To get a comprehensive view of your Redshift database schema, you can use queries that combine information from multiple system tables. Here’s an example:

n.nspname AS schema_name,
c.relname AS table_name,
a.attname AS column_name,
t.typname AS data_type
pg_catalog.pg_class c
pg_catalog.pg_namespace n ON n.oid = c.relnamespace
pg_catalog.pg_attribute a ON a.attrelid = c.oid
pg_catalog.pg_type t ON t.oid = a.atttypid
c.relkind = 'r' -- Only regular tables
AND n.nspname NOT IN ('pg_catalog', 'information_schema')
AND a.attnum > 0 -- Exclude system columns
schema_name, table_name, a.attnum;

This query provides a detailed view of your Redshift database schema, including schema names, table names, column names, and data types.

Comparing Redshift and PostgreSQL Information Tools

Given that Redshift is based on PostgreSQL, it’s natural to wonder about the similarities and differences in their information schema tools.

PostgreSQL Information Schema

PostgreSQL, like MS SQL Server, has an INFORMATION_SCHEMA that complies with the SQL standard. It provides views that offer information about all database objects.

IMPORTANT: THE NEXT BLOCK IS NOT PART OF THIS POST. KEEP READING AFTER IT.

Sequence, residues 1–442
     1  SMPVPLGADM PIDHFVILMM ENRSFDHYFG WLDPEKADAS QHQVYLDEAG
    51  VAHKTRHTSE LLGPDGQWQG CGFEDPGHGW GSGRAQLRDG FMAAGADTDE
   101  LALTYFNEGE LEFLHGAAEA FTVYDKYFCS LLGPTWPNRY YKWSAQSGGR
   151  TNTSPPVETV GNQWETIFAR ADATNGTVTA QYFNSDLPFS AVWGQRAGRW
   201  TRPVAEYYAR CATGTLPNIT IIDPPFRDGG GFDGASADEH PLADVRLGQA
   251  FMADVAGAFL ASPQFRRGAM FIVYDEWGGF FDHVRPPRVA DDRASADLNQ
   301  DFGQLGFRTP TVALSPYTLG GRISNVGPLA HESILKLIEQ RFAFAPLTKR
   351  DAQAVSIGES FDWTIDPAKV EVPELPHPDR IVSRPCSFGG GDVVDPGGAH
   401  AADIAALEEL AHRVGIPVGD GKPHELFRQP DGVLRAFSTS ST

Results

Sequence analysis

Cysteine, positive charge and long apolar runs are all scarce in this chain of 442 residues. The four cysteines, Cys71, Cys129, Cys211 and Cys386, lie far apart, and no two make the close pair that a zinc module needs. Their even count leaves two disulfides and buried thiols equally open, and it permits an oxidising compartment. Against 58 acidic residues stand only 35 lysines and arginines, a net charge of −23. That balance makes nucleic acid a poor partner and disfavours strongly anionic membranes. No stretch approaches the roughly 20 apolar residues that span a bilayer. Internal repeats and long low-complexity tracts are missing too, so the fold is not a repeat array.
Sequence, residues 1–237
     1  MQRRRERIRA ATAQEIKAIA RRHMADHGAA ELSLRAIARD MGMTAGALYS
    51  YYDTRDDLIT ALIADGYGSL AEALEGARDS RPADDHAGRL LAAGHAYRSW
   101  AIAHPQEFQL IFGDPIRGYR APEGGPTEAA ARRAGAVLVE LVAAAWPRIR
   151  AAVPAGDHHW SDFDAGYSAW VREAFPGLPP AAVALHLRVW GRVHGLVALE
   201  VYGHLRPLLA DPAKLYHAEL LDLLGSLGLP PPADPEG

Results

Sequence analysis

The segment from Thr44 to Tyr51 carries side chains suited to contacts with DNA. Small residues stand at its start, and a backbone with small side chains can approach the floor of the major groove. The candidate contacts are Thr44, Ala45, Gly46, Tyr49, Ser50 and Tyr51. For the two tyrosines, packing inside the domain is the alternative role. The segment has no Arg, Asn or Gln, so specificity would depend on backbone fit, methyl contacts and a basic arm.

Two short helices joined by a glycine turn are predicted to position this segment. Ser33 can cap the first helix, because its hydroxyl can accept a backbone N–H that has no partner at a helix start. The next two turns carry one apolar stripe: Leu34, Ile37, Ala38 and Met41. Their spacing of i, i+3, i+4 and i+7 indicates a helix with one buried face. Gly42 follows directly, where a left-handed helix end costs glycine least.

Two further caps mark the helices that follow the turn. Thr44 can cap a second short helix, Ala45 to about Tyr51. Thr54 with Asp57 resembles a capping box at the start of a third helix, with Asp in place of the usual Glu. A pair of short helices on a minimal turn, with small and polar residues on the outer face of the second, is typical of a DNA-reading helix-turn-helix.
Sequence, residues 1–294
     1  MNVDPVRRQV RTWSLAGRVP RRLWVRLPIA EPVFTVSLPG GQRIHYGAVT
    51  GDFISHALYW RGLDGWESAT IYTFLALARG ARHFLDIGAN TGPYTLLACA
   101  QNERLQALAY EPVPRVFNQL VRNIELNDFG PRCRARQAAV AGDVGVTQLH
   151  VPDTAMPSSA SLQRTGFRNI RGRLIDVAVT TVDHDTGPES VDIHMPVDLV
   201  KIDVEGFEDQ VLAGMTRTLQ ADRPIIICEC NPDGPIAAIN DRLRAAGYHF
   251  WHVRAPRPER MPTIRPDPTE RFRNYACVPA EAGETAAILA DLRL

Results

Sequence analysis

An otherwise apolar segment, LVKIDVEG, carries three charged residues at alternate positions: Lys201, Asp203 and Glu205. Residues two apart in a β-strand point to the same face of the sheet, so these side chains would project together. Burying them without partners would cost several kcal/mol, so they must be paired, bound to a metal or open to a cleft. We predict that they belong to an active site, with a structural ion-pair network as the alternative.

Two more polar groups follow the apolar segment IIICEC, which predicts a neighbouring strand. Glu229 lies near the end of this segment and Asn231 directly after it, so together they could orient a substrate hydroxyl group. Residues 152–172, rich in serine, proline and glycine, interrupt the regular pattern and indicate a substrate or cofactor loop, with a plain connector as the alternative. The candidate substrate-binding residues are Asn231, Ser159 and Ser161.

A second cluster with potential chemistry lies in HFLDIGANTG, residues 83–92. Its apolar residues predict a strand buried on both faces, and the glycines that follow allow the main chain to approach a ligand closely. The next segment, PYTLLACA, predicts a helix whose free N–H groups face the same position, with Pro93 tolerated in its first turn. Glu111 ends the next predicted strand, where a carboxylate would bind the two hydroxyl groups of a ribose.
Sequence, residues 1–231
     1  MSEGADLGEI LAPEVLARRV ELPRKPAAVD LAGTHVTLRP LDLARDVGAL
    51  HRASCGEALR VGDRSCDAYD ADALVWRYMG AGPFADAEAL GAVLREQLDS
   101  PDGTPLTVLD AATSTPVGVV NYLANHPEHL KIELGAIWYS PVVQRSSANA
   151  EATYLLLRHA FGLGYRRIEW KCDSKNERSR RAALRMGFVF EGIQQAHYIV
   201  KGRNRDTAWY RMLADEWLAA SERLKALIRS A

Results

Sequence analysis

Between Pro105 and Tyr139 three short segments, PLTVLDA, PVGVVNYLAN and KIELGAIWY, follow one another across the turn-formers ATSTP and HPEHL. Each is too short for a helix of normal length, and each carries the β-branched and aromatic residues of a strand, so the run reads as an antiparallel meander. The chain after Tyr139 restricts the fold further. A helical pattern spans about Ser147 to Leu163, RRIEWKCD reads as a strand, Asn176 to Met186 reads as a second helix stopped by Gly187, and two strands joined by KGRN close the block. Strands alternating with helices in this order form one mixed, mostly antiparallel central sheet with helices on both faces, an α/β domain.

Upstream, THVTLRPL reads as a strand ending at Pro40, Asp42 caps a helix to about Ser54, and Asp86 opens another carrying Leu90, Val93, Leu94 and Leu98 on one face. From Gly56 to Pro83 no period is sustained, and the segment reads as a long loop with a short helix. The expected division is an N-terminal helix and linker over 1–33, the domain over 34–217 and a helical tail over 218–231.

For example, to list all tables in PostgreSQL, you might use:

SELECT table_name
FROM information_schema.tables
WHERE table_schema = 'public';

Redshift vs PostgreSQL

While Redshift is based on PostgreSQL, it doesn’t include the standard INFORMATION_SCHEMA. Instead, it provides its own system tables and views. This is due to Redshift’s specialized nature as a columnar data warehouse, which requires different optimization and management tools.

However, many of the concepts are similar. For instance, where PostgreSQL has information_schema.tables, Redshift has SVV_TABLES. Both provide metadata about tables in the database, but the specifics of what information is available and how it’s accessed may differ.

Leveraging Redshift’s System Tables for Performance Optimization

Understanding Redshift’s system tables can help you optimize your database performance. Let’s explore some practical applications.

Identifying Table Skew

Table skew occurs when data is unevenly distributed across slices in Redshift. This can lead to performance issues. You can use system tables to identify skew:

trim(name) AS table,
count(*) AS num_values,
cast(100 * ratio_to_report(count(*)) over () AS decimal(5,2)) AS pct_of_total